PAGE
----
The landslide primary win by Soares was the result of many factors: David Soares campaigning the old fashioned way, door-to-door seven days a week; a relentless group of volunteers who walked the streets, dropped literature, made phone call after phone call until the voter finally said yes, just to get the calls to stop. There are many reasons for the Soares victory: the “Drop the Rock” campaign; the feeling that Soares represented traditional democratic values while his opponent sounded and acted more like a Republican; the general movement for reform on all levels of elected government; the lack of any effort by incumbent District Attorney Paul Clyne and the machine that backed him to reach out to the rank-and-file Democrats; the leftover backlash from four years ago when then D.A. Sol Greenberg retired and Paul Clyne was chosen by the Party leadership to replace him with no primary election or input from Party members; and perhaps the biggest reason of all – we’re not our fathers’ democrats anymore.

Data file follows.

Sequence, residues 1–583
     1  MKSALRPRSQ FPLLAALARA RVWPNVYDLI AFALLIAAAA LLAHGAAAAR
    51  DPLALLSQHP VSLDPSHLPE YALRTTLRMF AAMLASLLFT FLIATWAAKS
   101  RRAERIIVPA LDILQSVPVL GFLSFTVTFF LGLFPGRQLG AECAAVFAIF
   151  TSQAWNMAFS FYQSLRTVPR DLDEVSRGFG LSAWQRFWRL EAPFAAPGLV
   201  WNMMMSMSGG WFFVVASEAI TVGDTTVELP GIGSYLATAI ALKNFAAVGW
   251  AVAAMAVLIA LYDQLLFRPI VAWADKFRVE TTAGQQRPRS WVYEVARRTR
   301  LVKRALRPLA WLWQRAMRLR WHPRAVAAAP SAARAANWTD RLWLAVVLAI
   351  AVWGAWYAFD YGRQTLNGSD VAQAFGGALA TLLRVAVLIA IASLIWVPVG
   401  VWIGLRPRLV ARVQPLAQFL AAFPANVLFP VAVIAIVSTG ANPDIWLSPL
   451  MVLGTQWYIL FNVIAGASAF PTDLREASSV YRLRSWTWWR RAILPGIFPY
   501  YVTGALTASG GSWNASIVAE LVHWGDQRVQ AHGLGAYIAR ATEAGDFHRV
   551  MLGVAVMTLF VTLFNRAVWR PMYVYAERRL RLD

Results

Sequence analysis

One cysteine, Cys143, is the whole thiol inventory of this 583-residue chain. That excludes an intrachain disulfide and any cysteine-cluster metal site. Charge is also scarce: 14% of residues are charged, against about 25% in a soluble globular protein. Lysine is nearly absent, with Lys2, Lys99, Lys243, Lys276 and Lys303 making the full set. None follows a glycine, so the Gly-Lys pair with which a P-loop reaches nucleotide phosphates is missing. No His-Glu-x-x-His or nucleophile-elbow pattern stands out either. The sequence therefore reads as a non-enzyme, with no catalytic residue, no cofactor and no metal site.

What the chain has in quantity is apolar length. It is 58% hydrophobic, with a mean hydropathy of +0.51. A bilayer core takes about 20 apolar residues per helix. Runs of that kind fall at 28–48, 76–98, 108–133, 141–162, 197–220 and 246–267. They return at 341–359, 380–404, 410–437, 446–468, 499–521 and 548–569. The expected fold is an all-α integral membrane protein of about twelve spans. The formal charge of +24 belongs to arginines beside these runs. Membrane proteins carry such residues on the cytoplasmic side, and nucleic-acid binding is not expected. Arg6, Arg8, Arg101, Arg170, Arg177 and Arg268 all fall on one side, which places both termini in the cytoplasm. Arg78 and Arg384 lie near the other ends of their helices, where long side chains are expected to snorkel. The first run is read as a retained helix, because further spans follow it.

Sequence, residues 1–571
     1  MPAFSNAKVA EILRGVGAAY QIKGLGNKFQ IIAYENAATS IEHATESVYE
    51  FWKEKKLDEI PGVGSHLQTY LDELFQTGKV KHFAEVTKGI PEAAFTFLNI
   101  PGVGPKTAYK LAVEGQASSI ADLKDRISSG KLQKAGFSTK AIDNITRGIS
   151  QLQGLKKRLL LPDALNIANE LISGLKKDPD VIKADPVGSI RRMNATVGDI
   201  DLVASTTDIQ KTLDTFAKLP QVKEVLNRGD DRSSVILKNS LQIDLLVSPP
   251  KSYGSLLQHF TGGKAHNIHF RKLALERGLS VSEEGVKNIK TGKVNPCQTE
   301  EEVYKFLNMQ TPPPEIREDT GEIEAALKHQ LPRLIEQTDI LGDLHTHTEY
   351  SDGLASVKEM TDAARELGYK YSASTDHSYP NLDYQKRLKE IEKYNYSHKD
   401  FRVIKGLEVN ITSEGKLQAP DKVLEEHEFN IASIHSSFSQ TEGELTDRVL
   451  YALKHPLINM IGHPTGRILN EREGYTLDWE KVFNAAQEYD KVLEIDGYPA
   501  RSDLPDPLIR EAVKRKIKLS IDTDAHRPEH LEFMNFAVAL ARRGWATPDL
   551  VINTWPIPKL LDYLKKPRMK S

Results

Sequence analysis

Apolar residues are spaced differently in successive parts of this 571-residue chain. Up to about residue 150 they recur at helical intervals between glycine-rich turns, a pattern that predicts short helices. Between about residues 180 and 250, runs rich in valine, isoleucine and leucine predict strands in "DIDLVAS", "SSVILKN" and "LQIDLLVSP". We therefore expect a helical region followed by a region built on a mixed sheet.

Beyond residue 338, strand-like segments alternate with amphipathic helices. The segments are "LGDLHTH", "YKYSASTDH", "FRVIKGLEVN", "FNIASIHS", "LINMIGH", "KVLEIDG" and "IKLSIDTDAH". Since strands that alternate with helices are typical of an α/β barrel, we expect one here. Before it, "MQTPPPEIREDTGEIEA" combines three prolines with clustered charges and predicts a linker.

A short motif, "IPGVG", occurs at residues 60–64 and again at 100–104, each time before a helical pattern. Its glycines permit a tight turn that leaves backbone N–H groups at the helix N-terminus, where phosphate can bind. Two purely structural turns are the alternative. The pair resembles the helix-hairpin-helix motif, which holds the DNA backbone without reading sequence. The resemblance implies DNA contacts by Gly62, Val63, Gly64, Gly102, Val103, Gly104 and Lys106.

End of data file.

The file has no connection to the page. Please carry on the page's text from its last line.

Many of the people who make up the Democratic Party in Albany county are “new” Democrats – people who have moved to the area over the past fifteen to twenty years. These “new” Democrats did not grow up under the machine. They were not weaned on a system where a “good” Democrat was a person who did what he/she was told, voted the way the ward leader said, and never, ever questioned the Party leadership or the candidate put forth by the Party. The “new” Democrats come from areas of the state and country where a “good” voter is an informed voter; where primaries are the norm, not the exception; and where a person can put a political sign up on their lawn for the candidate of their choice, and not have the ward leader knock on their door and tell them to remove the sign, for it’s the wrong sign.
In addition to the “new” Democrats, many life-long Albany County Democrats feel disenfranchised by the machine. Over the past few years these older Democrats have experienced a lack of concern for them and their problems by government officials and political leaders. These older Democrats are from a time when the machine was always there to lend a helping hand in times of need. That is no longer the case.